Like deputy school heads, sub chiefs used to be feared and accorded a lot of respect because of the power they wielded. So much so that their mere presence used to get their subjects shaking in their boots.
Opposing their authority was treasonous, to say the least. Unfortunately, that reverence is no more. That is, if what happend to one such village administrator in Sirikwa village, Kakamega County is anything to go by.
Boniface Wambungo broke into the house of a sub-chief and made away with poultry and maize flour, among others.
After he was arrested and arraigned in court, he pleaded guilty to stealing three ducks, three hens and six kilogram of flour all valued at Sh4,500 from the home of Patrick Mwangale, an assistant chief for Sirikwa sub location.
Arguably this in the past order would have qualified for self-imposed exile from the village and thorough whipping of the offender or worse.
But the Kakamega sub-chief opted for the more civil measure of settling the matter before court where charge and charge-particulars were stated before desirable conviction was made.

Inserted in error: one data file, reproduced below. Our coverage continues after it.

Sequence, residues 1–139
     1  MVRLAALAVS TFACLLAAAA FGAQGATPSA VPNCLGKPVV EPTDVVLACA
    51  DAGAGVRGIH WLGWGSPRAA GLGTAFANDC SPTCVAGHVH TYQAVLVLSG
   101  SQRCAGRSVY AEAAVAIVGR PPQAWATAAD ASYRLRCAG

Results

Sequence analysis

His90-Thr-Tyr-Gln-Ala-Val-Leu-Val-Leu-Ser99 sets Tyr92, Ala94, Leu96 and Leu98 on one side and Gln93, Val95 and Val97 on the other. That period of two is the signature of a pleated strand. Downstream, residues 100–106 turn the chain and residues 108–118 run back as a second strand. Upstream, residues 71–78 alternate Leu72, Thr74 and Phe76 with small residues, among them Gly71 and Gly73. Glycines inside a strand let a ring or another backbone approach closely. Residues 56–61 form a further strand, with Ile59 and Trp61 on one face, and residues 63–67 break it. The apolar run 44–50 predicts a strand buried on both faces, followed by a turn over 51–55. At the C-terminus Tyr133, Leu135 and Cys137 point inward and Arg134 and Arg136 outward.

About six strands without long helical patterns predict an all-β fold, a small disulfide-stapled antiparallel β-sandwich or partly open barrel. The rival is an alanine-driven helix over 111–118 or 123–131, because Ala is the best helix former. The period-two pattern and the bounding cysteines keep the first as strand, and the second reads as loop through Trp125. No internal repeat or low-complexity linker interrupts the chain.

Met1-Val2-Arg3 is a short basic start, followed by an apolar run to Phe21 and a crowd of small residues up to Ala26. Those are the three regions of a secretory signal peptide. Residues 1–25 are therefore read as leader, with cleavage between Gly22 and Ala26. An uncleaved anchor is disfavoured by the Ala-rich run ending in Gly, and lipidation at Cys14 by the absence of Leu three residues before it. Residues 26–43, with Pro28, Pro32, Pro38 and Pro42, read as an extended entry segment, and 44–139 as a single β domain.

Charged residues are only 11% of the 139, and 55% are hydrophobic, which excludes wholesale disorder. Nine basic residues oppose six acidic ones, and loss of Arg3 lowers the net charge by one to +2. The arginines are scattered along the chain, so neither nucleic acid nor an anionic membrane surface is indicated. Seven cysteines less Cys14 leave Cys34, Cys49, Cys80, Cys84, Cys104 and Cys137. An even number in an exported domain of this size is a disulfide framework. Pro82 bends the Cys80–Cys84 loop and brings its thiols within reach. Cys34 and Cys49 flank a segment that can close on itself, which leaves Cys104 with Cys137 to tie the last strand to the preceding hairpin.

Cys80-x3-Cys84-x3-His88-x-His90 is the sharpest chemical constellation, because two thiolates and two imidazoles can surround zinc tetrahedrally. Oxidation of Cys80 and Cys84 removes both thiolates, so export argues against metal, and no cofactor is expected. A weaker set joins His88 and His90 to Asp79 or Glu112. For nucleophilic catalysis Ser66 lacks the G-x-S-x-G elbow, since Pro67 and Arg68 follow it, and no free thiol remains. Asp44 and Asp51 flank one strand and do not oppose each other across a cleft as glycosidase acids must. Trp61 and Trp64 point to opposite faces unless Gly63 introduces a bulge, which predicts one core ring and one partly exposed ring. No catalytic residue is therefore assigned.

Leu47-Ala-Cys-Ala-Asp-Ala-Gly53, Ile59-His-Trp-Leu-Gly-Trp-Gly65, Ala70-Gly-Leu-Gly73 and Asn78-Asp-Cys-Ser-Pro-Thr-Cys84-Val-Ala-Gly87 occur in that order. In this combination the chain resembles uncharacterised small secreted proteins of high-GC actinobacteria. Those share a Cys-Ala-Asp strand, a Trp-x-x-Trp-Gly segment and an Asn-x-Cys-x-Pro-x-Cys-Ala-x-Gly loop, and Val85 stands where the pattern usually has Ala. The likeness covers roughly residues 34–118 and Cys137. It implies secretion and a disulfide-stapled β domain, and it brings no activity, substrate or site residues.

Charge particulars read that, “on the night of between 16th and 17th February 2017, the complainant Mwangale safely locked his kitchen where the poultry and unga and then retired to bed. He heard noises in the night but ignored only to wake up the next morning to realise his property was missing.”
The particulars went on; “The complainant then launched a search with the help of Nyumba Kumi officials and found the missing property with Wambungo after gathering tips from villagers.”
The administrator then reported to police where Wambungo was grilled and later on forwarded for prosecution.
After pleading guilty to the charge of stealing from the sub-chief, Wambungo then prayed for a lenient sentence since he was a mere laborer in sugarcane plantations.
“I am a poor sugarcane loader struggling with life please pardon me I won’t repeat,” he begged in mitigation.
The court noted his prayer and placed him under probation officers who were ordered to furnish the court with information of the appropriate community work he could handle at a public institution.